The first insight was that high performers and low performers have little differentiation in the minutiae of task execution. They use the same tools, the same tactics and the same resources. But high performing organizations saw 2-3 times the value return. In other words, tactics such as posting at certain times of day or only using certain word counts will not make or break your marketing efforts.
2. Marketing as Experience
Full executive buy-in on the new paradigm of marketing was the second insight. Marketing is no longer just telling people about products, marketing has become the product. In other words, marketing is selling experience. It used to be that you built the product, marketed the product, and sold the product, but now you market the experience, sell the experience, and build the experience. For reference, the Experience Economy by Joseph Pine. In today’s economy, it’s more important than ever to create a seamless experience across channels.
3. Bigger Budgets
High performing organizations are planning to increase their digital marketing spend by more than 70% in the next year. Meaning upgraded tools, bigger staff and bigger budgets. By deciding which brand perception you are going for, you should budget for marketing according to the following breakdown.
Maintain Branding – 2-6% of Gross Revenue
Average Growth – 7 -12% of Gross Revenue
Fast Growth – 13 – 30% of Projected Revenue
It’s difficult to get the go ahead for extended marketing budgets, but by implementing a stretch budget, you can double down on marketing efforts that show the most ROI. This means entering into agreement with your boss that you can tap into this stretch budget if you hit your stretch goal. For example, hitting 500 clicks when you usually hit 100, and being able to access a higher budget for you to double down on that specific tactic.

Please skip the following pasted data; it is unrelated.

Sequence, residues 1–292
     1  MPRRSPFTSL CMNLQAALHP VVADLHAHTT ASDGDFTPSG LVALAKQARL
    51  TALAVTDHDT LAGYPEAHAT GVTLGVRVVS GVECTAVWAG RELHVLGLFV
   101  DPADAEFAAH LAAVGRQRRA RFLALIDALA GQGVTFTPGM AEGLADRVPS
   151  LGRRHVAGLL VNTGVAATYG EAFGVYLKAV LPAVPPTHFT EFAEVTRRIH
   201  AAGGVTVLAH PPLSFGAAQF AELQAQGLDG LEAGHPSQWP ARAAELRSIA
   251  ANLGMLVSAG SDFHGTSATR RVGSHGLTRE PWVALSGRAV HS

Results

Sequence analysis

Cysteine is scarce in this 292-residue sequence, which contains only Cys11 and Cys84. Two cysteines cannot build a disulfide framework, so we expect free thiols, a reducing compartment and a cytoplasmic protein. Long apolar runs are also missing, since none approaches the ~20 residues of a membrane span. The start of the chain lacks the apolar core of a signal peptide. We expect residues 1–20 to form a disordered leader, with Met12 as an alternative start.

4. Better Technology
Higher performing organizations on average use 14 more tools than lower performing organizations. This applies to all sorts of tools, from marketing analytics to web personalization, to emerging technology and more. One of the most important tools to invest in is personalization tools. In the experience economy, the ability to create a personalized experience for everyone that visits your site is a great way to increase engagement. As an example, Sweezy cited Cardinal Health. in 2015, Cardinal Health generated a $47 million pipeline by crating custom user interfaces for each of their customer personas on their homepage.
5. Agile Workflows
The last key trait of High Performing Organizations is having an Agile Workflow. What does that mean exactly? Well, to be honest The Sweez wasn’t perfectly clear about what Agile Workflow precisely is, but from what I gathered, an Agile Workflow is using the quick access we have to customer data to shape and review our content before pushing it out to our potential customers. We have to stop being afraid to pick up the phone and ask our prospects how they liked our content. To take our marketing conversations into conversations, not pitches. As an example, when you go through your inbox, what messages do you delete first? Anything that walks, talks or smells like an ad. We would know this if we asked our prospects questions like:
- What were you looking for?
- Did it meet your expectations?
- Have you seen better?
Sweezy recommends checking out his presentation: X-Factor Agile Workflows slideshare to gain an in-depth understanding.
That’s all we’ll share for now, but stick around for more in the future!